Do Cold Air Intakes Cause Problems?

There’s a lot to recommend cold air intakes, but every mod has its minuses. Newer vehicles often feature more complicated components. Manufacturers generally limit the mods you can install to limit liability. In the case of an aftermarket air intake, this means the part may void your warranty. Check your warranty to see if this is true for your car or truck.

The lack of a box increases the chances your intake could suck up some water. Small amounts can cause misfires, ruin spark plugs, and reduce performance. If a larger volume of water gets into the combustion chamber, it won’t compress under the piston, causing severe engine damage. For driving in wet areas, you should install a bypass valve on your air intake to prevent water from getting into your engine.

The shape of the intake occasionally causes problems as well. The air is coming from a difference angle than it is on an OE model, which can throw off the idle of your engine. It can also send inaccurate readings to your sensors, throwing off the fuel/air mixture. This issue is fairly rare, however, and can often be fixed with some tuning.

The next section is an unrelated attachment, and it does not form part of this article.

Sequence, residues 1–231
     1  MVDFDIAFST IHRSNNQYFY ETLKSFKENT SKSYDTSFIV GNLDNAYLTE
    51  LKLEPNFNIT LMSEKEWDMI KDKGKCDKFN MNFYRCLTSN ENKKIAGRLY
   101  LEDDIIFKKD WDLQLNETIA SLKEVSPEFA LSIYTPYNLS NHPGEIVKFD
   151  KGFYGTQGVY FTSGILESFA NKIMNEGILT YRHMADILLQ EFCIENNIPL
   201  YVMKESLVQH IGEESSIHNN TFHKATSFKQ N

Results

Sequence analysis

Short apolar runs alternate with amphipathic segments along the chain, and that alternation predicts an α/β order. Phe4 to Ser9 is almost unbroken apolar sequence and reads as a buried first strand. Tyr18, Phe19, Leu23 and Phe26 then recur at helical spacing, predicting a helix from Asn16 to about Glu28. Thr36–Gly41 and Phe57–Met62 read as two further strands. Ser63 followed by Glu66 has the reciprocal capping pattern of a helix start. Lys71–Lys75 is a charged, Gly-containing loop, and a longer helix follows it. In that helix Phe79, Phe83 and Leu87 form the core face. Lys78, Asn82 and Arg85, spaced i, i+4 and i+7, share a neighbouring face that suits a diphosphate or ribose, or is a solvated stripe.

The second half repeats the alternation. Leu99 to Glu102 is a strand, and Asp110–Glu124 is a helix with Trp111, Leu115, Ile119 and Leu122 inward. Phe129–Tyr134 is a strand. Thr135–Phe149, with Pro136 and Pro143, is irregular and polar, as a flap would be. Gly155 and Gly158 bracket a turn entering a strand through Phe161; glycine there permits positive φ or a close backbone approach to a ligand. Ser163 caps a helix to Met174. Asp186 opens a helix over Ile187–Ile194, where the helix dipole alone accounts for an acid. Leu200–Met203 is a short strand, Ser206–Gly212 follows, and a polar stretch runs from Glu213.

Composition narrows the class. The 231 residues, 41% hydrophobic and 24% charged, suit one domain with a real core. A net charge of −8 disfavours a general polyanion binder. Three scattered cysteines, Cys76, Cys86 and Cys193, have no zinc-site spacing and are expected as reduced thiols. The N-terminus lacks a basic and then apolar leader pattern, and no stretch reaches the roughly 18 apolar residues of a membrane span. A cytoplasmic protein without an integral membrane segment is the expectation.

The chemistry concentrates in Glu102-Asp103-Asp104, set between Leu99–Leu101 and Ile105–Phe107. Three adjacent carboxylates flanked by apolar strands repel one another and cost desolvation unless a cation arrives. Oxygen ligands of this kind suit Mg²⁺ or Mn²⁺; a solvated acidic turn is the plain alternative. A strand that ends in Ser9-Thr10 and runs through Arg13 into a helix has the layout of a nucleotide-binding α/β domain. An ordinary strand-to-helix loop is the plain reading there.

Finally, cold air intakes do not take into consideration, much like performance exhaust, that additional sound can be an issue. In most vehicles, you will immediately hear a sound with a cold air intake you didn’t hear before – the sound of air sucking or flowing through the intake! On vehicles with a turbo, this sound is often much more pronounced. For some owners, this sound, much like a well tuned, throaty exhaust is desired. For others, it may be considered too much.

Overall, the answer to the question “do cold air intakes help with performance?” is yes. These parts may have a few sticking points, but they are nothing compared to the advantages you can gain. Instead of the all-weekend installation of some aftermarket parts, you can get a new cold air intake in a few hours. If you have solid experience and a few handy tools, you can even do the work yourself. Check out your local AutoZone or shop online for some of the top performance air intakes for your specific make and model.